Smoking Is Associated With An Increased Risk Of Schizophrenia And Severe Depression

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Smoking Is Associated With An Increased Risk Of Schizophrenia And Severe Depression
Smoking Is Associated With An Increased Risk Of Schizophrenia And Severe Depression

Video: Smoking Is Associated With An Increased Risk Of Schizophrenia And Severe Depression

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Video: Smokers May Be At Greater Risk Of Depression, Schizophrenia, Study Finds 2023, January
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Smoking is associated with an increased risk of schizophrenia and severe depression

Smoking cigarettes increases the risk of mental health problems such as depression and schizophrenia. Even for those asking to smoke, this risk persists after many years.

Smoking is associated with an increased risk of schizophrenia and severe depression
Smoking is associated with an increased risk of schizophrenia and severe depression

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Smoking cigarettes increases the risk of mental health problems such as depression and schizophrenia, a University of Bristol study published in Psychological Medicine found.

As you know, smoking is more common among people with mental disorders. However, it is unclear whether smoking can be a causative factor in these problems, or is simply a way to "self-medicate" for mental illness.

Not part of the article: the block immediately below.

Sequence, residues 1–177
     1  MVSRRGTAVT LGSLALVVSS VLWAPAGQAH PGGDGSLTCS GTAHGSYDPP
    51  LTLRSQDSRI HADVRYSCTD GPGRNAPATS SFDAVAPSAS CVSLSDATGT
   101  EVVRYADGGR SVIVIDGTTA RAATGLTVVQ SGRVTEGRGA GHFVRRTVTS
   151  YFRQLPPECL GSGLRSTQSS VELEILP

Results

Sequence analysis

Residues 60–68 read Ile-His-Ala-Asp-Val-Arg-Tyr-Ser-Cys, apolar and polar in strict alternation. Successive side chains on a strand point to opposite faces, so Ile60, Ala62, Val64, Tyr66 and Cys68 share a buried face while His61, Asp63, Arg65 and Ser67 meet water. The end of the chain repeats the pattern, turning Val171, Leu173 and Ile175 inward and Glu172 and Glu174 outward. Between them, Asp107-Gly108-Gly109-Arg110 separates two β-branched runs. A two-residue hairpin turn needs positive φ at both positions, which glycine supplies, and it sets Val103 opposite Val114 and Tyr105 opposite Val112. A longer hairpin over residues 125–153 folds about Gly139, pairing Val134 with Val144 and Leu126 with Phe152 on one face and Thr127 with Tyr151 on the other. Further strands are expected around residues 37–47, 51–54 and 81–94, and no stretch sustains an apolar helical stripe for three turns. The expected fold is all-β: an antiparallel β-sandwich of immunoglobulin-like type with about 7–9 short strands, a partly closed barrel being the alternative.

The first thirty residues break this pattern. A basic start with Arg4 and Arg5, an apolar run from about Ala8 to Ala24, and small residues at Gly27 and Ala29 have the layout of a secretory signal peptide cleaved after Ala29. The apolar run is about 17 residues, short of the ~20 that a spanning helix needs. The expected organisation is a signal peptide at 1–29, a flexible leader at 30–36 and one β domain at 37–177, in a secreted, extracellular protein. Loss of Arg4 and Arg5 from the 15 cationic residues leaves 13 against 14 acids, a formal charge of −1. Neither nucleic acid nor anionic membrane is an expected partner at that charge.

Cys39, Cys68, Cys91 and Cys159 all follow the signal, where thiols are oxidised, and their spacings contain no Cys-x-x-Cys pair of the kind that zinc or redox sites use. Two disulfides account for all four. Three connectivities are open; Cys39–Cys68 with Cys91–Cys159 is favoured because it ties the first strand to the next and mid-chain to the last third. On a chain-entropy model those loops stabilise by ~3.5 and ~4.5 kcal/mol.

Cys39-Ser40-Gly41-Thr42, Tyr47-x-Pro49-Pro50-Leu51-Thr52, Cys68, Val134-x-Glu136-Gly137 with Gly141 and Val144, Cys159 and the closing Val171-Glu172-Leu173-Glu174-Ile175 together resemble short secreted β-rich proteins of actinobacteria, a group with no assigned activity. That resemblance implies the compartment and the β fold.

Researchers analyzed data from 462,690 people of European descent and identified gene variations associated with traits such as depression or schizophrenia. They then tested how often and for how long people with each of these gene variations smoke.

“We found evidence of causation in both directions,” said Robyn Wootton, lead author of the study.

Scientists compared the risk of depression or schizophrenia among people with a genetic predisposition to smoking and without it.

Using two separate, vast genetic databases of people with schizophrenia and people with severe depression, they investigated whether the risk of developing these conditions was related to a genetic predisposition to smoking.

The results show that both smoking initiation and higher smoking rates are associated with an increased risk of depression and schizophrenia. So, if you smoke 20 cigarettes a day for 15 years, and then quit and do not smoke for 17 years, the chances of developing schizophrenia more than double, and depression - almost double, compared to those who have never smoked …

The researchers also found that people with a genetic predisposition to depression or schizophrenia smoked more. But this connection was weaker than the inverse.

“People with mental illness are often overlooked in our fight to reduce smoking prevalence, leading to inequities in health. Our work demonstrates the need to make every effort to prevent smoking initiation and to encourage smoking cessation due to both mental and physical health consequences,”said Robin Wootton.

The study is limited because it was targeted at people of European descent. The authors point to the need to study in the future how exactly smoking can increase the risk of schizophrenia and depression. One hypothesis is that nicotine affects the pathways in the brain associated with mental health problems. This can be important because e-cigarettes also contain nicotine.

“While the physical harm from smoking is well known, this study points to the mental health risks of tobacco use. This risk should be widely publicized, especially for school-aged children who may be tempted to try smoking,”summed up Ian Hamilton, an expert on substance abuse and mental health at the University of York.

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